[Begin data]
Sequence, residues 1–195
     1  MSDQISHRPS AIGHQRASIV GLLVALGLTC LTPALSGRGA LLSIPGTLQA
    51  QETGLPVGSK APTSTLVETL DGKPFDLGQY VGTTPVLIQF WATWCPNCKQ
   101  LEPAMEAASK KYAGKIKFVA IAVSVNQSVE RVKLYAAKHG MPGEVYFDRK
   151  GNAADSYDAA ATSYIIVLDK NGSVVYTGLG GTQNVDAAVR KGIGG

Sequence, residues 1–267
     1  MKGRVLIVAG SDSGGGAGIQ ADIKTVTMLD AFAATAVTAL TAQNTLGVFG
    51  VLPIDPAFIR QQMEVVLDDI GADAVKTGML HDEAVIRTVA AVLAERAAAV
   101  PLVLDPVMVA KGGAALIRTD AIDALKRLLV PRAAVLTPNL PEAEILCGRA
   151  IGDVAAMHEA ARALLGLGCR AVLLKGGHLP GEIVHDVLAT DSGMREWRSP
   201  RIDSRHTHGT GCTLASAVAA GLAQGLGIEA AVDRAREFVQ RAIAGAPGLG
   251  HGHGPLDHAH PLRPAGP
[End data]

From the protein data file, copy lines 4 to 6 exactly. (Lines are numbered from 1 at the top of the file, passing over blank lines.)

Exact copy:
   101  LEPAMEAASK KYAGKIKFVA IAVSVNQSVE RVKLYAAKHG MPGEVYFDRK
   151  GNAADSYDAA ATSYIIVLDK NGSVVYTGLG GTQNVDAAVR KGIGG

Sequence, residues 1–267